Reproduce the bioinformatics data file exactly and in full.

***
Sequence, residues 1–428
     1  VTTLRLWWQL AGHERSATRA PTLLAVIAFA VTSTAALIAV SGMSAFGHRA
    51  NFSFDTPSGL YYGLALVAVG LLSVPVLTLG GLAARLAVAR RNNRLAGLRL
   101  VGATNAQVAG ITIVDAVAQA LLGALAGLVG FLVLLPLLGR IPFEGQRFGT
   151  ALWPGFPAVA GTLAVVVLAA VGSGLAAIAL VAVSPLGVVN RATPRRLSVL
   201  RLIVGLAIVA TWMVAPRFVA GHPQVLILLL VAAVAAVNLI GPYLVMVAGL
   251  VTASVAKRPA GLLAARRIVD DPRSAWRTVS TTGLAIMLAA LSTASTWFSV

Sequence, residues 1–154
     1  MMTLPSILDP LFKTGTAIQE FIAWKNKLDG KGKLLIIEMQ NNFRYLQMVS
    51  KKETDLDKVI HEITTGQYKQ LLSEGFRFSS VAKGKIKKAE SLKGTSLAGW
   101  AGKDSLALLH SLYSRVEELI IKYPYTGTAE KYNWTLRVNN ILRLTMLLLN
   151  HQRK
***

Sequence, residues 1–428
     1  VTTLRLWWQL AGHERSATRA PTLLAVIAFA VTSTAALIAV SGMSAFGHRA
    51  NFSFDTPSGL YYGLALVAVG LLSVPVLTLG GLAARLAVAR RNNRLAGLRL
   101  VGATNAQVAG ITIVDAVAQA LLGALAGLVG FLVLLPLLGR IPFEGQRFGT
   151  ALWPGFPAVA GTLAVVVLAA VGSGLAAIAL VAVSPLGVVN RATPRRLSVL
   201  RLIVGLAIVA TWMVAPRFVA GHPQVLILLL VAAVAAVNLI GPYLVMVAGL
   251  VTASVAKRPA GLLAARRIVD DPRSAWRTVS TTGLAIMLAA LSTASTWFSV

Sequence, residues 1–154
     1  MMTLPSILDP LFKTGTAIQE FIAWKNKLDG KGKLLIIEMQ NNFRYLQMVS
    51  KKETDLDKVI HEITTGQYKQ LLSEGFRFSS VAKGKIKKAE SLKGTSLAGW
   101  AGKDSLALLH SLYSRVEELI IKYPYTGTAE KYNWTLRVNN ILRLTMLLLN
   151  HQRK